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In the preface to his widely publicized "true story," Fast Times at Ridgemont High, author Cameron Crowe states that he changed the names of his characters and altered superficial details in the book's juicy account of modern adolescence. But Clairemont High School insiders haven't been fooled by the cloak of anonymity.

For anyone who missed the similarities between mythical and actual learning institutions, Clairemont's school newspaper, the Arrow (transformed in the book into the Ridgemont Reader), ran a front-page story earlier this fall announcing that despite a prefatory red herring suggesting that the action instead took place in Redondo Beach, Crowe in fact did his research at Clairemont during the 1979-1980 school year. Among the numerous clues contained in the book to the school's true location: one character works at the Swenson's at the "Towne Center" mall, another surfs at Sunset Cliffs, and still another takes his date to see Phantasm at the Strand Theatre (following dinner at the Charthouse). Even more telling than the book's reference to Ridgemont's (and Clairemont's_ omnipresent green decor is a slip-up which occurs during a discussion of Ridgemont's yearbook, the Rapier, when on page 220 of Fast Times, Crowe's narrative suddenly and mysteriously refers instead to the Calumet (the name of Clairemont's yearbook).

Clairemont students who knew Crowe during the year of research point out that the young author also dressed up the facts somewhat in his account of his research methodology. Crowe's preface strongly suggests that he did his stint at "Ridgemont" incognito. "I was never found suspicious," he states. "I eavesdropped on conversations around me, made copious notes.... I began to feel like a third-rate spy." However, one teacher who remembers that Crowe sat in on her class perhaps two or three times a week throughout the school year, says, "To my knowledge, everyone knew what he was doing.... The kids knew who he was and why he was there." Clairemont alumnus Andy Rathbone, who says he became good friends with Crowe during that year, concurs. He adds that Crowe often openly tape-recorded various interchanges, and that students knew he wasn't enrolled as a regular classmate. "He'd mostly hang around the lunch court and stuff and after school he'd do stuff with us. But it was not like he was doing the regular student routine."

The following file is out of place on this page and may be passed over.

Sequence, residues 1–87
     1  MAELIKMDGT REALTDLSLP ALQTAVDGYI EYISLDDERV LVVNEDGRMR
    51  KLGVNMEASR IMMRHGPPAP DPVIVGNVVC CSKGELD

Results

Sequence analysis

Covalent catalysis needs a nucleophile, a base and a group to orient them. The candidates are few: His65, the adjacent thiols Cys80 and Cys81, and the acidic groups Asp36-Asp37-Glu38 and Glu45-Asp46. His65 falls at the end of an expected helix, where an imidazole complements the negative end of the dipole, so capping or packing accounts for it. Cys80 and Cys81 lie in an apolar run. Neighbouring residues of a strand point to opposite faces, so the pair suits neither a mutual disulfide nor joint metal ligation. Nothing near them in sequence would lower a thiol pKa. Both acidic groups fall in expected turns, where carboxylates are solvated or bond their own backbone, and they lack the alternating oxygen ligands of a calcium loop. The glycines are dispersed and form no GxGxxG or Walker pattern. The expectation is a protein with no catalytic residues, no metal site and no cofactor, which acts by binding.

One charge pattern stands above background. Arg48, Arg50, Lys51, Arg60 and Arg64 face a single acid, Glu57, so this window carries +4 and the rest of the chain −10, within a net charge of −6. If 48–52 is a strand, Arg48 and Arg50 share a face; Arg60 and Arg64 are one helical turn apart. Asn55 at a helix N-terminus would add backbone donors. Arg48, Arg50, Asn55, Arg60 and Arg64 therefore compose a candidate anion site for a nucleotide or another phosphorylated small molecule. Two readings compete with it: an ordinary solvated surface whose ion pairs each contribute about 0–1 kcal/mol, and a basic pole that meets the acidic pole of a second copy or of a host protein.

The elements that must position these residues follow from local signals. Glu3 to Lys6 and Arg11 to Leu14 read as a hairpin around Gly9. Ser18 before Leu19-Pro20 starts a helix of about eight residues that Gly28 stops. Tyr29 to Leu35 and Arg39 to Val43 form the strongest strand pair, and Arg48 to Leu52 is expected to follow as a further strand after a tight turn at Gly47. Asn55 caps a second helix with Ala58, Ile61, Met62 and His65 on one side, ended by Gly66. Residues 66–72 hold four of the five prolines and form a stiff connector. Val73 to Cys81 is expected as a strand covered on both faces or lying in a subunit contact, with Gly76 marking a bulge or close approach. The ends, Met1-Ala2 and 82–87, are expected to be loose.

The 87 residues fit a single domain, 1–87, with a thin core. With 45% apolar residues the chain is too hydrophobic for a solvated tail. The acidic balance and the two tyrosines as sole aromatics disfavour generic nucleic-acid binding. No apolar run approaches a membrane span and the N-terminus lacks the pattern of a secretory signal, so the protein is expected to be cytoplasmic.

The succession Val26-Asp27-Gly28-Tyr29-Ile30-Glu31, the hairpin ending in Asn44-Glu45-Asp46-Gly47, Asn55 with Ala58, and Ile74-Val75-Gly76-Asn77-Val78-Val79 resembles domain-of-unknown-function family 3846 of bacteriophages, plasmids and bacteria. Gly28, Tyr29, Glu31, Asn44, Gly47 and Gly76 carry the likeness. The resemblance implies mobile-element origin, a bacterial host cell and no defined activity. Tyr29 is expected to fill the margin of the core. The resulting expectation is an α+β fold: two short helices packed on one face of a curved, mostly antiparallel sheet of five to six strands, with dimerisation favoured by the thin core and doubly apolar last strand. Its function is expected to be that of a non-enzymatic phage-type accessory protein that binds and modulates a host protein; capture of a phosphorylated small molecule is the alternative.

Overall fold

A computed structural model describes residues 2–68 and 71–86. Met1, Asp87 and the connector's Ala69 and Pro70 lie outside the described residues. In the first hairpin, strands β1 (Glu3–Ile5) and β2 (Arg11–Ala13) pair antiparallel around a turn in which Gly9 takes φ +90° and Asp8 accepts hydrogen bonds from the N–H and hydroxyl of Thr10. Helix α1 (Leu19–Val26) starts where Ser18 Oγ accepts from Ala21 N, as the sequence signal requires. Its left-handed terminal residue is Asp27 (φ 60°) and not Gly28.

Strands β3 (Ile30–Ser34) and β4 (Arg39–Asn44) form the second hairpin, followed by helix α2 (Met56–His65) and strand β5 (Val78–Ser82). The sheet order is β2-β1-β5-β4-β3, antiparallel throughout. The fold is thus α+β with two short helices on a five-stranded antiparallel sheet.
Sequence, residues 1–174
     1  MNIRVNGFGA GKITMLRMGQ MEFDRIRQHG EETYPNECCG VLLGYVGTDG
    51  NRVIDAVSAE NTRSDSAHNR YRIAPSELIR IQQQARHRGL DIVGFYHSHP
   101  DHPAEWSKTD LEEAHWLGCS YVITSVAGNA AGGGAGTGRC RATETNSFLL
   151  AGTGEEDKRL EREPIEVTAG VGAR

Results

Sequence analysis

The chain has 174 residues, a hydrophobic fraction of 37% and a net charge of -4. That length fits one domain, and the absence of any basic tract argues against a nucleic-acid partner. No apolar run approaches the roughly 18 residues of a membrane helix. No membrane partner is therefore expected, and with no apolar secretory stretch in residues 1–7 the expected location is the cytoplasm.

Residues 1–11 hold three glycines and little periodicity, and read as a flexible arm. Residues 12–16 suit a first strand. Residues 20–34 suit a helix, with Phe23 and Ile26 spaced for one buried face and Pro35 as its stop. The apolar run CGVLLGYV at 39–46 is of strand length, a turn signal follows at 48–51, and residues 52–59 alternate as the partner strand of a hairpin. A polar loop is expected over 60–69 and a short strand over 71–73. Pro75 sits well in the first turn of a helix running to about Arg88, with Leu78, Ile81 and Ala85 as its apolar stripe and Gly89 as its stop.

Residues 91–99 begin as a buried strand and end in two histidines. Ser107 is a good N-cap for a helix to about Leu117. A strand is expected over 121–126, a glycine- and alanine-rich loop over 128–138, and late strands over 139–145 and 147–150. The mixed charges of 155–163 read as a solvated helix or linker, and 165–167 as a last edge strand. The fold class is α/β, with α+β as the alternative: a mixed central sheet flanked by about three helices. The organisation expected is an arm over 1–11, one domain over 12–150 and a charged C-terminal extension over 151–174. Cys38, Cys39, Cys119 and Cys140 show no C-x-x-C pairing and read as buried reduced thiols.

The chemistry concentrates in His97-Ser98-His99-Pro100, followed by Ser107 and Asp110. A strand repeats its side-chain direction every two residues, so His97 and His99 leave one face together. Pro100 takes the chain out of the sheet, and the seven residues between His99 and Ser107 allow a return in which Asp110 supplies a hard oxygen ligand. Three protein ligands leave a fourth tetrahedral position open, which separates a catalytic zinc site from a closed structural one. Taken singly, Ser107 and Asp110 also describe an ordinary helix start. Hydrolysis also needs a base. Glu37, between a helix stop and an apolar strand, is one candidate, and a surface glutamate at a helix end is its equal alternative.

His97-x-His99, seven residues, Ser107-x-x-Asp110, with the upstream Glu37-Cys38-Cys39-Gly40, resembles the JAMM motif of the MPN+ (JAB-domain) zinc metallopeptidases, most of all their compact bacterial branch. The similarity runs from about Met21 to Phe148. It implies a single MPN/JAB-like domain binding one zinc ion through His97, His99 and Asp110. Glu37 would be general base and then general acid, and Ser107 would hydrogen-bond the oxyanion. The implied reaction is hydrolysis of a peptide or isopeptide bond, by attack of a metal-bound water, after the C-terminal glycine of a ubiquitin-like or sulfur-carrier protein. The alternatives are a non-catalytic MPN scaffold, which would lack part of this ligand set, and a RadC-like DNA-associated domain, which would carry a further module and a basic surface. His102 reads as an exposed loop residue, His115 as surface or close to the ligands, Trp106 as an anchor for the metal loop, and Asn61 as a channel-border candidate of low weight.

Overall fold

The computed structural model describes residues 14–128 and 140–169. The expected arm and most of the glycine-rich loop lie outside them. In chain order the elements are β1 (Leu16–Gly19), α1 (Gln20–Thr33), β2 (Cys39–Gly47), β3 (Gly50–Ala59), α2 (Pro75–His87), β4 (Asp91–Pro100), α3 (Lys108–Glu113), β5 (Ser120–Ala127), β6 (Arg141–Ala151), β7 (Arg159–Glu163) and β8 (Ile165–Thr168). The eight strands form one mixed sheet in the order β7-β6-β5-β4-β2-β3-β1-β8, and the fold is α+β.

Rathbone (whose nickname at Clairemont was "The Rat," a nickname shared by another Fast Times character, "Mark Ratner") recalls that Crowe, who was then 22 years old, had no trouble mingling with the high school crowd. "He had a knack for getting along with people. He could talk to anyone." But Rathbone reports missed reviews of the book, which includes healthy doses of juvenile sex and drugs, from Crowe's subjects. "I'd say 50 percent of it [the account] is fabrication at least. He'd take the basic stereotype of a person and take it all the way.... I think we were a little bit more together than we came off in the book." Even harsher is Clairemont's current principal, Charles Raleigh, who barks, "I think it [the book] is a pile of junk!"

Crowe (who now lives in Los Angeles) couldn't be reached for comment on the fictionalization. His mother, Alicia Crowe, who works as a counselor at San Diego City College, says her son is still reeling from a catty item in the October California magazine which reported on the Redondo Beach high school district's lack of any record of Crowe. Mrs. Crowe points out that while her son did the bulk of his research at one school, he also drew material from a number of others. "I think this whole thing about finding the high school is just dumb," she sniffs.

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